What defines a sport? Sports, when taken at face value, are physical activities that result in a winner and a loser. So are advanced videogames like StarCraft sports? StarCraft in particular has been compared to chess; the mental processes needed to play the games are incredible and the New Yorker article “The Rise of the Professional Cyber Athlete” described the game as “strategic and extremely difficult, requiring a mathematical cast of mind.” Although the game requires a certain amount of quick hand movements, the overall conception of the game and its players as a sport and athletes respectively is an incorrect classification. Without a certain measure of physical movement involved, videogames simply cannot be called sports.
If videogames are in the same category as chess, they are most definitely not sports. To clarify, saying that these games are not sports is not to detract from their worth as games or activities; there is no doubt as to the extreme intelligence required to compete in the world of “e-sports.” In British Sports and Pastimes, Trollope refers to chess as “most adapted for intellectual persons, but to be pre-eminent at chess is generally to be that and nothing else.” Trollope is saying that the idea of being good at intellectual activities exists within a realm separate from that where traditional sports are considered. Traditional sports are defined by set scorekeeping and pre-determined amounts of time in which the game will be played. According to the New Yorker article, e-sports have “no definitive scoreboard, just a variety of economic indicators” and the players do not participate for a certain amount of time; rather, they play until the weakest player signals to the victor that they wish to surrender. Traditional sports play to the bitter end, until the whistle blows, until the clock runs out. Traditional sports cannot be played from the comfort of a single room.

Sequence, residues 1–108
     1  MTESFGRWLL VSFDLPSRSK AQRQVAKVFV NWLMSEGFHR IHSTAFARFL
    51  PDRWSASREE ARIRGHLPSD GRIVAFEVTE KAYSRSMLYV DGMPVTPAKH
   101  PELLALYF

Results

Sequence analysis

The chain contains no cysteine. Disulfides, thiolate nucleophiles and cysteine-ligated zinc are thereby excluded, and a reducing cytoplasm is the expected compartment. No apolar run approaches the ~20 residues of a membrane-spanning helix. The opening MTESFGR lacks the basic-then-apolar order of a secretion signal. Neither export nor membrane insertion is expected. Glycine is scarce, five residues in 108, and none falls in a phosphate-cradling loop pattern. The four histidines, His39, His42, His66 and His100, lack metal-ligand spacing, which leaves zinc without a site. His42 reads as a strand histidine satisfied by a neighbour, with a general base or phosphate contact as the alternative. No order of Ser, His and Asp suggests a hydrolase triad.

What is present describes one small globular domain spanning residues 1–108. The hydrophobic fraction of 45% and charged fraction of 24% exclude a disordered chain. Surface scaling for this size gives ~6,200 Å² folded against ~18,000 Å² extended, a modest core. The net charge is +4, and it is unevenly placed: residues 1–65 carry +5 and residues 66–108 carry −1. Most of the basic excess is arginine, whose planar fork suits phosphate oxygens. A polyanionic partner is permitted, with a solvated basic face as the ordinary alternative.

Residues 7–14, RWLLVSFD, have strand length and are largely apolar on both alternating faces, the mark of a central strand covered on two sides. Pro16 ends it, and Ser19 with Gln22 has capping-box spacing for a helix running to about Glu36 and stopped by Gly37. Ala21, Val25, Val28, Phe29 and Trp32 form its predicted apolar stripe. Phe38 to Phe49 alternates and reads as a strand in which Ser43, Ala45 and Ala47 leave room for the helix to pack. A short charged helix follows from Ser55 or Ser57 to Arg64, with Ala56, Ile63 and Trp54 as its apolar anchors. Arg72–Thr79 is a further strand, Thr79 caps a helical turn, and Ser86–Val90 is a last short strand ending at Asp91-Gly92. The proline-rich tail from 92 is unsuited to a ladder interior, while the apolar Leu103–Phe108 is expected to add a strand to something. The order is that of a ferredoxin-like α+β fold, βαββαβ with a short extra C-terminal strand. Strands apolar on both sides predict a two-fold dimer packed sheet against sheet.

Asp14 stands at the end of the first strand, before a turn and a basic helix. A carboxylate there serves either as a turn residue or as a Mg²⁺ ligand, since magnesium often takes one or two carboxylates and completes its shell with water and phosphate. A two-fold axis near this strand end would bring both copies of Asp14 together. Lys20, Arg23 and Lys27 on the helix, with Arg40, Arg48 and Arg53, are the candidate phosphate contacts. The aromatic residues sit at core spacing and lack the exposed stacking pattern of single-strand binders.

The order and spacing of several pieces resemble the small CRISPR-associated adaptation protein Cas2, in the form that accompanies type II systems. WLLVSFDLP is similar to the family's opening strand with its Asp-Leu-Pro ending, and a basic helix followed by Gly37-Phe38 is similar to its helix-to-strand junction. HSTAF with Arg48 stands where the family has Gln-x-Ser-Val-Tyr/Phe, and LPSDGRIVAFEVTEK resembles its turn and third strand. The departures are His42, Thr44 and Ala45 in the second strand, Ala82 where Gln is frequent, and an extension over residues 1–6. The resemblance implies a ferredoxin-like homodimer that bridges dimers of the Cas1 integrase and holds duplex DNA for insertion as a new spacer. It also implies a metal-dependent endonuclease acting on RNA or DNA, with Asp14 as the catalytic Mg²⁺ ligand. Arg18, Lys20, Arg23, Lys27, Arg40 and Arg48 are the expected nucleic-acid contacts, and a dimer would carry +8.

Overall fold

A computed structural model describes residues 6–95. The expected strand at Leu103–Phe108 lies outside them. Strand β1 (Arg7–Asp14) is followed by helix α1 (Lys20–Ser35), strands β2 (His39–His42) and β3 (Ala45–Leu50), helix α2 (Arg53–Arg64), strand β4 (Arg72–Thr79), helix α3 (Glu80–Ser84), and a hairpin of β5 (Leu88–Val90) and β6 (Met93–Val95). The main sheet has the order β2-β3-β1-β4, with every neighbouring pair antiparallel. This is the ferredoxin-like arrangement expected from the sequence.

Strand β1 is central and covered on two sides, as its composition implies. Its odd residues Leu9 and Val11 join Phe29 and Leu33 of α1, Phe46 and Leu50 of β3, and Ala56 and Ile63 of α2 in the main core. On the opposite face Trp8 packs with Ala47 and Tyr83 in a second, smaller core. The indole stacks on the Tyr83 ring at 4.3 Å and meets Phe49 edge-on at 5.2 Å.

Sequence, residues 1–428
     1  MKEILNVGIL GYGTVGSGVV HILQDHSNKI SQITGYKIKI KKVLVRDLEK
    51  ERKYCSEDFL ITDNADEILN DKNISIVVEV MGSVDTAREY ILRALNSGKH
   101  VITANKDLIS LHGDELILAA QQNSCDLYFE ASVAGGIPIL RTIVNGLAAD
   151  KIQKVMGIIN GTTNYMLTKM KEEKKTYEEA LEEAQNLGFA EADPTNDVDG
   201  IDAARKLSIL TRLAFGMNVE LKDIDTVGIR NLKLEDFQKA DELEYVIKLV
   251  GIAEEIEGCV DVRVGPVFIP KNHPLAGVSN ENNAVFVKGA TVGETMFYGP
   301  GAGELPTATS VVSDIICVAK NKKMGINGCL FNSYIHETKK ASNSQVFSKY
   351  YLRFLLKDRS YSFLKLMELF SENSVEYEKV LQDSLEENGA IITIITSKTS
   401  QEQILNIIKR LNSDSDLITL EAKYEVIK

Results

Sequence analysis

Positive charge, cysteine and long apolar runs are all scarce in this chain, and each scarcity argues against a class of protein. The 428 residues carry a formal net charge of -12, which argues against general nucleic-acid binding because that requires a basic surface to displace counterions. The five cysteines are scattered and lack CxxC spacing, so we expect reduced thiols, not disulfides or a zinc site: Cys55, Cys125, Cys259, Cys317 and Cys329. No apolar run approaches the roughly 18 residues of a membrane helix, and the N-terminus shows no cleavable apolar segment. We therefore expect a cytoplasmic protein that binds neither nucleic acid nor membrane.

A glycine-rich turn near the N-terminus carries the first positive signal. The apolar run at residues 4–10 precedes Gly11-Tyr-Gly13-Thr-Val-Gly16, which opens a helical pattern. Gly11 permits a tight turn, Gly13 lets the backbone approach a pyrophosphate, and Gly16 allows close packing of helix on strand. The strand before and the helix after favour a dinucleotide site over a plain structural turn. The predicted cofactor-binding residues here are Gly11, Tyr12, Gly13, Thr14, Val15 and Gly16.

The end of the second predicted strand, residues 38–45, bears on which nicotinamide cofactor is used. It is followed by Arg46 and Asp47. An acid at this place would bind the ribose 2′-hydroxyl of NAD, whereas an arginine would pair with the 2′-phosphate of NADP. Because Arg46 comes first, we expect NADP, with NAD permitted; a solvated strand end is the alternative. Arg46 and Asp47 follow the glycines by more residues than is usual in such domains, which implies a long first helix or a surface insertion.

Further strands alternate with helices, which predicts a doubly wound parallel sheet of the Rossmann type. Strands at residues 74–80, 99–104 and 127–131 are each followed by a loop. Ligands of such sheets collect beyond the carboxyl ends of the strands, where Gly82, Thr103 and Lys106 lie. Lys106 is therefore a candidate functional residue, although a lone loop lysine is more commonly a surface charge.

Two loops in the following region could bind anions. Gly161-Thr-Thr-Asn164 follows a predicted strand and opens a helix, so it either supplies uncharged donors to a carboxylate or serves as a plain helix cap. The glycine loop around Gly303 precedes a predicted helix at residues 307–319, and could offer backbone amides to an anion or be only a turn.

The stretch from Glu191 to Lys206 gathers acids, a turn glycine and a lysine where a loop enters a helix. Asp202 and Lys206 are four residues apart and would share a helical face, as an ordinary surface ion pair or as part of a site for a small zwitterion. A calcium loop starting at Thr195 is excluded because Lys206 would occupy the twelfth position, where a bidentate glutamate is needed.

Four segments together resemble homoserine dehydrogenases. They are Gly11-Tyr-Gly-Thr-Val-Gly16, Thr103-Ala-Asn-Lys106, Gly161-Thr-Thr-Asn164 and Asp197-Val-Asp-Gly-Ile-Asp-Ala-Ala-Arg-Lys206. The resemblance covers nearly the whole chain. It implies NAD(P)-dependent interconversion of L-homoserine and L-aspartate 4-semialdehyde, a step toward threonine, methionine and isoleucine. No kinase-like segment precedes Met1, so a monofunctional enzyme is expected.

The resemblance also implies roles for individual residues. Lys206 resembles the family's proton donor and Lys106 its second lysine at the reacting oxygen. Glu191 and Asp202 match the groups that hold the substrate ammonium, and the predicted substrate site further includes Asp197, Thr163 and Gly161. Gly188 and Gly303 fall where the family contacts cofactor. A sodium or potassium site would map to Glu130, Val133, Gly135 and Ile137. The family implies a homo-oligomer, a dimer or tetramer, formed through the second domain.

However, e-sports are gaining nationwide legitimacy on college campuses. According to a recent article in the New York Times titled “E-Sports at College, With Stars and Scholarships”, “Game companies say they are awarding scholarship money at college tournaments, rather than unrestricted cash prizes, to give students an incentive to continue their studies.” The fact that people can make good money off of e-sports—or even a scholarship—lends legitimacy toward the argument that, some day in the future, e-sports may become a normal staple of college programs. The article reports that there are “people who not only play games but also consider them a spectator sport.” One of the key components of sport is the presence of a body of spectators, people who validate the joy of winning and who share with the athlete the pain of loss. E-sports might not be there quite yet, but they may soon come to realize the status of sport in our society.